Shares of movie theatre firm Cineplex (TSX:CGX) have been under so much pressure for years now. Those who dared chase the stock amid its multi-year slump may have little (if anything) to show for their patience. At around $8 and change per share, it certainly seems like CGX stock is dead money right here, with a lack of meaningful catalysts to help propel shares out of their funk.
Year to date, the stock is pretty much flat, with shares up around 3%. Indeed, the year-to-date performance may be flat, but the ride has been rather choppy, with shares fluctuating wildly in both directions, peaking north of $10 per share, only to plunge back to the single digits. Indeed, it’s frustrating to be a holder of Cineplex stock as the movie theatre industry continues going head to head against the video streamers.
The pandemic lockdown days may be over, but competition with streaming remains as fierce as ever, with tech firms getting a piece of the action. Though there will always be a place for cinemas, the business has become challenging. And Cineplex will need to continue trimming away at expenses while beckoning in customers, even during those Hollywood droughts.
Oppenheimer shows that movie theatres are not over amid streaming’s continued rise!
Indeed, Barbenheimer weekend (the weekend that saw two blockbuster films Barbie and Oppenheimer, launch) is a glimmer of hope for the movie theatre industry. Clearly, people are more than willing to get off the couch and forego Netflix (NASDAQ:NFLX) for an evening if there’s something that’s a must-watch in theatres.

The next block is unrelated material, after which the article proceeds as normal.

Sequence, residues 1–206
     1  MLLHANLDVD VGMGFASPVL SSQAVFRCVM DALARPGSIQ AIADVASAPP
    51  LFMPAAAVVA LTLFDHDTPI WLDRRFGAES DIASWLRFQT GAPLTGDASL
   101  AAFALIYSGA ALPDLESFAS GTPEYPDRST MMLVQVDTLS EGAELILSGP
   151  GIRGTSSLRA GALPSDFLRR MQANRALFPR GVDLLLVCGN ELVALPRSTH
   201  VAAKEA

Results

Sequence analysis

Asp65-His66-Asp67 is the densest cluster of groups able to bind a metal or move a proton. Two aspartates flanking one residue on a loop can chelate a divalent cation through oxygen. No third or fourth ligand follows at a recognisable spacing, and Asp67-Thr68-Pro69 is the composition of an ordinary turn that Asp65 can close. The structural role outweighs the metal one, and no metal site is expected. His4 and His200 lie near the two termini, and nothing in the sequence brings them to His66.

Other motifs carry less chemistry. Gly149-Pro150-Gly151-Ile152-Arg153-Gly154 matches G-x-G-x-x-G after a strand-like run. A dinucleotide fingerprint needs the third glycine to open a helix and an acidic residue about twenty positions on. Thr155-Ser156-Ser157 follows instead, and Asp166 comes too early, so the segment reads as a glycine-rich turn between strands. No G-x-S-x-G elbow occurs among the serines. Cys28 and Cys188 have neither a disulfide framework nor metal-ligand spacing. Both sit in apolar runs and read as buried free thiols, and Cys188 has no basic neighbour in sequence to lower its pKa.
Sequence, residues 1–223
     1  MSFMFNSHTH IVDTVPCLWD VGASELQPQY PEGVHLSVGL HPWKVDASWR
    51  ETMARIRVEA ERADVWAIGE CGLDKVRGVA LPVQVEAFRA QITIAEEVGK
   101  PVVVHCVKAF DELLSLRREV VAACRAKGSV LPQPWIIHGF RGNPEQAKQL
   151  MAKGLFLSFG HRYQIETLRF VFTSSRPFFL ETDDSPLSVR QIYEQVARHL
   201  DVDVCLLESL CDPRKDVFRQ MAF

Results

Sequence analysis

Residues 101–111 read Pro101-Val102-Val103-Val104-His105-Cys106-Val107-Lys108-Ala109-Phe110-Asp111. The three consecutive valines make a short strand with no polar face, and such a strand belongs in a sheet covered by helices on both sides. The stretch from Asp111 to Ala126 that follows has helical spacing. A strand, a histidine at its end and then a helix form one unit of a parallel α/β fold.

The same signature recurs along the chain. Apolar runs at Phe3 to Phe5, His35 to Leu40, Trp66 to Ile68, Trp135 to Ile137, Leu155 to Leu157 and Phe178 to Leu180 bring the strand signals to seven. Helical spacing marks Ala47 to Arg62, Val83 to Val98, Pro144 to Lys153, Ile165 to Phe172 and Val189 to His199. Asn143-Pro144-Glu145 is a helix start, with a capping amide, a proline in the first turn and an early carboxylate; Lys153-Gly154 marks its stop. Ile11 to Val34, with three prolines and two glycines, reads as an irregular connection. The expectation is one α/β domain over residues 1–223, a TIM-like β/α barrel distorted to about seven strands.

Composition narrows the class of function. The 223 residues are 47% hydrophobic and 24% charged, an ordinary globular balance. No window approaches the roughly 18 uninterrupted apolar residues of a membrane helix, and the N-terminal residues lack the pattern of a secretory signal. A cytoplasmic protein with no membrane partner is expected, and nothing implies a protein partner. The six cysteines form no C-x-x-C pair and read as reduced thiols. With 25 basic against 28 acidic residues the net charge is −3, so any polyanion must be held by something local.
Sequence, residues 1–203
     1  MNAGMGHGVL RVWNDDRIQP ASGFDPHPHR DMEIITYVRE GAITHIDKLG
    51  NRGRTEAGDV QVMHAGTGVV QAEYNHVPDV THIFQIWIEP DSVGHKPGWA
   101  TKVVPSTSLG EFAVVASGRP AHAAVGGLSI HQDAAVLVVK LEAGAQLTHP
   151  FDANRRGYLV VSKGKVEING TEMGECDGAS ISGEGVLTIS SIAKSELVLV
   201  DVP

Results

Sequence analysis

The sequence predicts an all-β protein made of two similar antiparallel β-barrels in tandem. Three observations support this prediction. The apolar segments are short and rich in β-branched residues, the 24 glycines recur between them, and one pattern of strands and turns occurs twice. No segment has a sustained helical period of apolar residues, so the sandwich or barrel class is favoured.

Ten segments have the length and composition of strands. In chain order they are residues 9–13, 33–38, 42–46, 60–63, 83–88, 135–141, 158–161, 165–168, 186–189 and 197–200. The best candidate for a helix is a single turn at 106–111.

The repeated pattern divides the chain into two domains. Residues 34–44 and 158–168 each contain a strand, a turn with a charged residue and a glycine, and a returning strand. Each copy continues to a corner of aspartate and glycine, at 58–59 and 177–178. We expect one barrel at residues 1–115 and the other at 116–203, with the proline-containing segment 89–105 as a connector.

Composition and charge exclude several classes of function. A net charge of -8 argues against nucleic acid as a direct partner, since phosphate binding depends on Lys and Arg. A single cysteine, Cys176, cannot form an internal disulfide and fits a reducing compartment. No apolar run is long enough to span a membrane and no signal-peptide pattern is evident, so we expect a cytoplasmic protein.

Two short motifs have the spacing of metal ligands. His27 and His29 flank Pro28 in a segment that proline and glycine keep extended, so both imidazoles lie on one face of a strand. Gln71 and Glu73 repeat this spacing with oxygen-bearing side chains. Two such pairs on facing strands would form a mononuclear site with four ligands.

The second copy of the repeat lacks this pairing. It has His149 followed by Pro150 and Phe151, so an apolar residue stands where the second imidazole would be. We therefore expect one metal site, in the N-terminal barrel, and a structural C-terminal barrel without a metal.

Understandably, it’s just not realistic to have Barbenheimer weekends every second week or even every month. As Hollywood moves on from strikes, I think the pace of must-see theatrical releases will pick up again. But Cineplex shareholders ought to be patient, as quarterly results are sure to be lump.
The big question is: will there be more Barbenheimer-like weekends in the distant future?
I’d bet on it, as more streamers opt to go theatrical release first before streaming on their platforms. Cinemas can co-exist with streamers. And over the next couple of years, I think the tables will begin to turn back in favour of the theatre firms.
Indeed, the streaming market has matured a great deal in recent years. And consumers probably seek more reasons to go out and see a movie. As more streamers opt for theatrical releases first, expect industry dynamics to improve for Cineplex. Whether that means more Barbenheimer-like weekends, however, remains to be seen.
The bottom line on Cineplex stock: It’s a hold
In the meantime, Cineplex stock remains a tough hold, in my humble opinion, given the hazy medium-term trajectory and a potential Canadian recession that might just be waiting around the corner.
Though I wouldn’t go as far as to call CGX stock some kind of value trap, I think value hunters need to be thinking many years out if they seek impressive results, as Cineplex’s multi-year flatline is likely to continue in 2024 and perhaps 2025.